The current pitch stands on the site of the Dovehouse Pool, an ornamental pond, drained in 1889. In place of the pool, the owners of the Lower Grounds built a cycle track and sports ground that opened on 10 June 1889 for a combined cycling and athletics event before a crowd of 15,000. Negotiations continued for two years before the Villa committee reached agreement with the site's owner, Edgar Flower, to rent the Lower Grounds for £300 per annum on a 21-year lease with an option to buy the site at any point during the term; the committee engaged an architect who began preparing plans for the site, which included construction of a new 440 yards cement cycle track to replace the existing cinder one. The main stand was to be built to the east on the Witton Lane side, with the track and pitch enclosed by banking. Construction of the final phase of the stadium began in late 1896 after negotiations with contractors over the price. Several months behind schedule, the almost-complete stadium opened with a friendly against Blackburn Rovers on 17 April 1897, one week after Aston Villa had completed the League and FA Cup'Double'.
The process of fixing issues with the building work continued for several months. As built, the stadium could house 40,000 spectators. After winning the league championship in 1899, Villa's record-breaking average crowd of 21,000 allowed the club to invest in a two-stage ground improvement programme; the first stage extended the terrace covering on the Trinity Road side at the cost of £887. In 1911, Villa bought the freehold of the ground for £8,250, the office buildings in the old aquarium and car park area for £1,500 and the carriage drive and bowling green for £2,000; this was the first stage in plans drawn up by Villa director Frederick Rinder that saw the capacity of Villa Park increased to 104,000. In June 1914, another phase of enhancements began at Villa Park to compete with improvements at other grounds around the country, including Everton's Goodison Park, where a new two-tiered stand had just been completed; the first stage of improvements saw the cycling track removed, new banking at the Holte Hotel End, a re-profiling of all the terracing to bring it closer to the newly squared-off pitch.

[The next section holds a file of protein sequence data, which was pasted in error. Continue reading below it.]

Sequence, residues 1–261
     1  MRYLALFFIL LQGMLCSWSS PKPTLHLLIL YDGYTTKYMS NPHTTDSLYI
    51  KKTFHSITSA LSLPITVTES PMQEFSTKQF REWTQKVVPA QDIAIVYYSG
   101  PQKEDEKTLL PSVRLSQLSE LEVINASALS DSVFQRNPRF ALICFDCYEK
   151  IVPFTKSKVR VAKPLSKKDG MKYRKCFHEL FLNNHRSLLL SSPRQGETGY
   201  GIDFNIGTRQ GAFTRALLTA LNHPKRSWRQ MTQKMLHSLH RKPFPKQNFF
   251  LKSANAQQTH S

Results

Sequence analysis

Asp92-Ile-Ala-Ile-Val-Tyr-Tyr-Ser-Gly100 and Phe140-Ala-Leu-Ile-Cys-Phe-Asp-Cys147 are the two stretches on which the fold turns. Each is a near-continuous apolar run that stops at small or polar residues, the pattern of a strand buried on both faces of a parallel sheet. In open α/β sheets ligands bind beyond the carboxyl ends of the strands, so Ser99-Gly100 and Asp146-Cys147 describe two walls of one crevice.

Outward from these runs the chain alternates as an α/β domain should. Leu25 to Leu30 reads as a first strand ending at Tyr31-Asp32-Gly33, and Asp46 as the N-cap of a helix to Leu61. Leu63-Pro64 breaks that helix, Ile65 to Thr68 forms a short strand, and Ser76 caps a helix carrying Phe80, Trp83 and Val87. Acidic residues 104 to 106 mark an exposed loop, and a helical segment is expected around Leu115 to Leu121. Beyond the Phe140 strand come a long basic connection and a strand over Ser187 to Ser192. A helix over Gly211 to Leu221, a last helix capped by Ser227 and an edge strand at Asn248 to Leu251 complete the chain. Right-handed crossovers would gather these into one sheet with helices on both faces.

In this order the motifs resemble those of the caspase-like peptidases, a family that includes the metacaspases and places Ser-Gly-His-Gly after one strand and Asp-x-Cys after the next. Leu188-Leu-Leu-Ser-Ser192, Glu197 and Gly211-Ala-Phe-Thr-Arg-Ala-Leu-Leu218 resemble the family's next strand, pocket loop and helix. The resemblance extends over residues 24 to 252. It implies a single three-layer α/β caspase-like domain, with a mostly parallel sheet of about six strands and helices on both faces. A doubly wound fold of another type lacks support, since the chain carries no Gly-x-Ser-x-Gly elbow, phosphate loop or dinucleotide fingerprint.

Rinder turned to the renowned architect Archibald Leitch to design a new Villa Park. Their joint plans included large banked end stands at the Holte and Witton ends and the incorporation of the original Victorian Lower Grounds buildings, including the aquarium and the newly acquired bowling greens; the outbreak of the First World War hampered design and construction efforts. As a result of inflation, 1919 quotes for the implementation of the pre-war construction plans came to £66,000, compared to the 1914 quote of £27,000. By March 1922 this price had reduced to £41,775, the directors pushed ahead with the plans for the new Trinity Road Stand. Construction began in April 1922 with the stand opened in August. Construction continued throughout the 1922–1923 season, with the stand opened on 26 January 1924 by the Duke of York King George VI, he commented to Rinder that he had "no idea that a ground so finely equipped in every way—and devoted to football—existed." On completion the Trinity Road Stand was considered one of the grandest in Britain, complete with stained glass windows, Italian mosaics, Dutch gables in the style of Aston Hall and a sweeping staircase.
Several commentators including Simon Inglis consider it to be Leitch's
Defender (association football)